Frank Ocean ha concesso un’intervista favolosa a Gayletter per il decimo numero della rivista newyorkese.
Gli argomenti toccati sono stati numerosi, dall’amore ai social media, allo sport agli show televisivi, ma abbiamo scelto qui i 5 punti salienti dell’intervista.
Frank Ocean non è uno di quelli che usano le app tipo Tinder ma non perché faccia il tipo snob. Non le usa semplicemente perché è fidanzato da 3 anni. Amen.
“I don’t use dating apps. I’ve been in a relationship for three years. I definitely wasn’t using dating apps before then. I don’t think I would use dating apps now. I fuck with Marc Jacobs’ philosophy on that, so I wouldn’t rule it out, but it is a little hectic being a famous person on dating apps“.
2. Nuova musica
Come ha trascorso le sue giornate ultimamente il buon Frank?
“Same old: making things, a lot of time in the studio between here [New York] and L.A. I split my time. I have a house in both places“.
Il fatto che sia tornato su Instagram e che stia concedendo più interviste, fa ben sperare nel fatto che Frank stia preparando il terreno per l’uscita di qualcosa di nuovo.
3. Il rapporto coi social
I social hanno inevitabilmente cambiato anche il mondo dell’industria musicale e il modo degli artisti di comunicare con l’esterno.
Sull’impatto dei social media e sul suo modo di “gestirlo”, Ocean si è espresso così:
“I think the social media thing is kind of amped up. One could argue that people don’t actually get information more than half the time. They browse information. I don’t know if they really ingest it“.
“I don’t know if it’s terribly calculated, but I’m just trying to put myself more into whatever kind of stream is going on here in culture”.
4. Da dove viene il nome Frank Ocean
Partendo da una citazione di RuPaul “We’re all born naked, and the rest is drag”, Tom Jackson chiede a Frank Ocean se ci sia una separazione tra l’artista e la persona dietro al nome Frank Ocean.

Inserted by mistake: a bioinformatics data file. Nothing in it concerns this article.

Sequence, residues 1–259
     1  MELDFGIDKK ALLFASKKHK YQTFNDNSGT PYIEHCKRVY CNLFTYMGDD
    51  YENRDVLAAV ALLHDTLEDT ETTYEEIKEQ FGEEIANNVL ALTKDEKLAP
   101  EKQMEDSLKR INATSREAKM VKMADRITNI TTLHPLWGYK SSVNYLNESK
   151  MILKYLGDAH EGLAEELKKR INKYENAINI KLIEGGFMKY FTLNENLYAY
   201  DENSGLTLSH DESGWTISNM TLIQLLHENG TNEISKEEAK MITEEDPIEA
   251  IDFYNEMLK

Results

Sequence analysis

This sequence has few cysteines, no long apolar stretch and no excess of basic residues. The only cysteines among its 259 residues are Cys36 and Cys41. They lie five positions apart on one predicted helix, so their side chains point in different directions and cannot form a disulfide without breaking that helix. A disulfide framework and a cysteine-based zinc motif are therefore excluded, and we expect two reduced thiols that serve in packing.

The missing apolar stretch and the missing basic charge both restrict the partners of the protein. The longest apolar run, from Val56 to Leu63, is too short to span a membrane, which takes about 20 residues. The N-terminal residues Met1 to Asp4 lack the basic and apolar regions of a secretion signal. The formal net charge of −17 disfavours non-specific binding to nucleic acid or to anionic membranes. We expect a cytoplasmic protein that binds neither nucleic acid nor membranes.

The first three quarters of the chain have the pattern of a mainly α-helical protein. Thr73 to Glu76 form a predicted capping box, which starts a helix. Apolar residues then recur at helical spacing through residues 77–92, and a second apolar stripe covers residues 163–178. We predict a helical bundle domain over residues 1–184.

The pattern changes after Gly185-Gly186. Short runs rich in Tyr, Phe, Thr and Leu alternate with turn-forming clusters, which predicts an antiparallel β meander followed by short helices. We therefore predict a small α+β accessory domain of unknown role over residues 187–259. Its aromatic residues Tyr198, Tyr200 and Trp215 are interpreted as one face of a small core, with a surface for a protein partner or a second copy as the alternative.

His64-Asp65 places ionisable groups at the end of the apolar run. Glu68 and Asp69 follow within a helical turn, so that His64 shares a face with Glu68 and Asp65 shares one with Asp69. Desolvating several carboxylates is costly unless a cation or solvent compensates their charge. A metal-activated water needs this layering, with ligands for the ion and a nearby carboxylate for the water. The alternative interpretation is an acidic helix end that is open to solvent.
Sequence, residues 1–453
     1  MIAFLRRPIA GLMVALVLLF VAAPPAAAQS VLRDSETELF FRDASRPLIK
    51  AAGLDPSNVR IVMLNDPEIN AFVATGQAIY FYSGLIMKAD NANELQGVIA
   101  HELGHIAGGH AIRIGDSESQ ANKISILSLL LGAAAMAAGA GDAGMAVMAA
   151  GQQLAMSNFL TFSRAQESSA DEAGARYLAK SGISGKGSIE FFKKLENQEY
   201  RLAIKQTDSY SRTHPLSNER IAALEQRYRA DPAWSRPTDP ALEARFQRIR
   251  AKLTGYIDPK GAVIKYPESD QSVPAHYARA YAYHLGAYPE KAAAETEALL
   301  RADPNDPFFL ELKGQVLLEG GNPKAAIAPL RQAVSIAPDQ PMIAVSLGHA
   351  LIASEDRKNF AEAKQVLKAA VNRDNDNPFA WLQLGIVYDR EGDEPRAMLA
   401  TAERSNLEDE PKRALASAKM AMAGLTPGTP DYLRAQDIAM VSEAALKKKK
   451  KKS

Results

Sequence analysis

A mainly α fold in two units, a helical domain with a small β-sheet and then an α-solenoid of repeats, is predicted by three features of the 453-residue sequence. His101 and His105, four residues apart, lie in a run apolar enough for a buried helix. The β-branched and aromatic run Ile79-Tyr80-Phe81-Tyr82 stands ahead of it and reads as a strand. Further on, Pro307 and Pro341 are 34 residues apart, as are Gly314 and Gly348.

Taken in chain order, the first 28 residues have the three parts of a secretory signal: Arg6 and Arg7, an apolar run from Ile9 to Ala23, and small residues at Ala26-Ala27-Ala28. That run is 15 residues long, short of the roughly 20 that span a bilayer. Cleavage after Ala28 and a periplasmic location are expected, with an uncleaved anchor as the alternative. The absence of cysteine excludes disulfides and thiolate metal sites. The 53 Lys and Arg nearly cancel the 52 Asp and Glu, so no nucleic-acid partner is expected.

La domanda porta l’artista a spiegare il significato del nome dato al progetto e del progetto stesso:
“I’ve never considered that. For me, the genesis of that name change came from me trying to make a project without my label knowing about it. It was born from a need. It came about in such a way that I didn’t think about whether it was armor for me. I hear certain people say that about their name, their look, even their sound, that it’s a form of armor or a shield from whatever pain they might not want to feel.
I don’t think that was it, though. I was just trying to be slick, so I could do what I was doing without people knowing. And it worked. I kept with it. I’m such a part of the generation that’s influenced by rap and hip-hop. For me those sorts of names are so commonplace in the genre and in the culture, so it felt correct“.
5. Cosa vuol dire essere un artista
Come ci si misura con il successo? Che cosa non dovrebbe perdere di vista un artista?
C’è tutto scritto qui sotto. Prendetela come fosse la pagina di una Bibbia.
“Anytime you get into the business side of the arts, there has to be some degree of objectification or commodification that you’re comfortable with, of yourself and of your work.
I don’t know about purity. It depends on what you want. A lot of people I talk to about careers in the music industry, their ideas of success have to do with nostalgia. They have to do with tropes of success, things they’ve been shown over the years that represent what a successful career is. I think that helps you become prey, because somebody can manipulate you with those things. Then you may get to a point in your experience where you become disillusioned with those things. So anybody having a clear idea — even if it’s as crass as “how much money do I want to make, specifically?” — I think that’s much clearer than some of these other things that represent success, whether that’s X amount of spins or streams or plaques. Even sold-out venues. If those things don’t help you reach your defined priorities, then what are those things there for?
That’s how I try to make decisions in my life and career, and, if asked, I share that philosophy with anybody who asks. For me, it’s about Why am I doing this? What exactly do I want from this? And how do I get those specific things I want out of this? And what does success look like on those terms? And what does failure look like on those terms? That’s how I think about it now“.
Leggi tutta l’intervista qui.